having a desire for other positions as well. or one which in a particular case uses more closely similar forms of expression than our ordinary language. but also when a notation dissatisfies us — perhaps because of various associations which it calls up. as it were.. his disagreement is not founded on a more subtle knowledge of fact. a man who doesn't see what everybody sees. Our ordinary language. which just means that we shall have to provide for the distinction "real"/"simulated" in some other way. he does not say that we are simulating when we complain of pains. Now the man whom we call a solipsist and who says that only his own experiences are real. These needs can be of the greatest variety. nor on the other hand is his disagreement with common sense that of the scientist disagreeing with the coarse views of the man in the street. not by restating the views of common sense. makes it more obvious. he pities us as much as anyone else. and at the same time he wishes to restrict the use of the epithet "real" to what we should call his experiences. We therefore have to look round for the source of his puzzlement. Our mental cramp is loosened when we are shown the notations which fulfil these needs. i. and perhaps he doesn't want to call our experiences "experiences" at all (again without disagreeing with us about any question of fact). a notation whose rules exclude this phrase as the rules of chess exclude a pawn's making a knight's move. does not thereby disagree with us about any practical question of fact. That is. not only when our curiosity about certain facts is not satisfied or when we can't find a law of nature fitting in with all our experience. and in this position sometimes it feels cramped. For he would say that it was inconceivable that experiences other than his own were real. by curing them of the temptation to attack common sense. And we find that there is puzzlement and mental discomfort. than ordinary language does.59 their puzzles. The solipsist's suggestion comes to using such a phrase as "there is real toothache" instead of "Smith (the solipsist) has toothache". And why shouldn't we grant him this notation? I needn't say that in order to avoid confusion he had in this case better not use the word "real" as opposed to "simulated" at all. Thus we sometimes wish for a notation which stresses a difference more strongly.e. A philosopher is not a man out of his senses. He ought therefore to use a notation in which such a phrase as "A has real toothache" (where A is not he) is meaningless. The solipsist who says . which of all possible notations is the one which pervades all our life. holds our mind rigidly in one position.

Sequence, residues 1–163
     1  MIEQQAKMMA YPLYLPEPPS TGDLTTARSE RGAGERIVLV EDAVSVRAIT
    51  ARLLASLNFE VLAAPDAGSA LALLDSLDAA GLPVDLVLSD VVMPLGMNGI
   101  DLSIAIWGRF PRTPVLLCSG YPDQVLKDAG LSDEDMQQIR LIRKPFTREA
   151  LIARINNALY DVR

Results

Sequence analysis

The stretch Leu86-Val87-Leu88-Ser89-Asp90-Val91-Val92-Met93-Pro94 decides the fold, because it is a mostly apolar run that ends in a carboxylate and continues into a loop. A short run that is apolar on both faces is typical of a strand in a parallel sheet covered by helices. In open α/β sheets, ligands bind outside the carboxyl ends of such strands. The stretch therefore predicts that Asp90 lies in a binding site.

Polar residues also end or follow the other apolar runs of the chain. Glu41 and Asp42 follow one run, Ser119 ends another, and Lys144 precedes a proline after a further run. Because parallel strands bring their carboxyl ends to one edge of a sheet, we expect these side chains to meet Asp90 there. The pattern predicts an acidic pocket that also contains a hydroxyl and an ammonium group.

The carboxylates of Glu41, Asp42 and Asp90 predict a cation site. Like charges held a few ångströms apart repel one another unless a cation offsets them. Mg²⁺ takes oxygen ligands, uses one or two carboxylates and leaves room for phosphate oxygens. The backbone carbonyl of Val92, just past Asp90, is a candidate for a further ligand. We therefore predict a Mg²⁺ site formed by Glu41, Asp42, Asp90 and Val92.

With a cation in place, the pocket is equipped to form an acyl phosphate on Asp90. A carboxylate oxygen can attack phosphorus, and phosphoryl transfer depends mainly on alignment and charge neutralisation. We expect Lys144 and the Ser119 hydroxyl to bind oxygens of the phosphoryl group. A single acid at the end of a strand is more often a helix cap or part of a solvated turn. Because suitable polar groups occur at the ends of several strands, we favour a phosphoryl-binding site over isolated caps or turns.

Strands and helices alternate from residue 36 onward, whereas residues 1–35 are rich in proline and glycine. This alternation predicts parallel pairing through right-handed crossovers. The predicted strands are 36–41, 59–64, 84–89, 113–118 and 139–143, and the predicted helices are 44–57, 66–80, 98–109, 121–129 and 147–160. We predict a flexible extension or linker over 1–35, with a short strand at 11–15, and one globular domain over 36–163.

one for the case when something is said to have it. I have only learnt the word 'seeing' to mean what I do". I should therefore say. In fact we might argue: "I can never know what he sees or that he sees at all. say. (All this connects our present problem with the problem of negation. But he did not tell us a new truth and did not show us that what we said before was false. Oughtn't we therefore to use a different word instead of 'red' when we talk of wishing that something were red? The imagery of the wish surely shows us something less definite. something like 'I wish a pale red for this paper' ". instead of 'I wish this paper were red'. "only I really see (or hear)" is not stating an opinion. Such a notation would actually fulfil some of the . but we must yet find why he is. in the sense in which a notation can be recommended. But if in the usual way of speaking he had said. by an example from a slightly different sphere: Consider this argument: "How can we wish that this paper were red if it isn't red? Doesn't this mean that I wish that which doesn't exist at all? Therefore my wish can only contain something similar to the paper's being red. always to mean what ordinarily we express by "I wish this paper had the colour x". What he said really recommended his notation. therefore it is an unnecessary hypothesis altogether to say that he sees. "we can never know whether he calls the same thing 'blue' which we call 'blue' ". On the other hand there is no objection to adopting the form of expression which he suggests as long as we know that he uses the phrase "I wish a pale x for this paper". Of course this is just not true. what seeing is I only know from seeing myself. in order to fulfil his wish." we should. "I wish a pale red for this paper. by saying that a notation would be possible in which.60 "only I feel real pain". a quality had always two names. the other for the case when something is said not to have it. He is irresistibly tempted to use a certain form of expression. Let us make clear the tendency which guided me when I did so. "This paper is not rode". and that's why he is so sure of what he says. than the reality of the paper being red. The phrase "only I really see" is closely connected with the idea expressed in the assertion "we never know what the other man really sees when he looks at a thing" or this. for I have definitely learned a different and much more complicated use of the word "to see" than I here profess. something hazier. I will only give you a hint. to put it roughly. have painted it a pale red — and this wasn't what he wished. The negation of "This paper is red" could then be. for all I have is signs of various sorts which he gives me.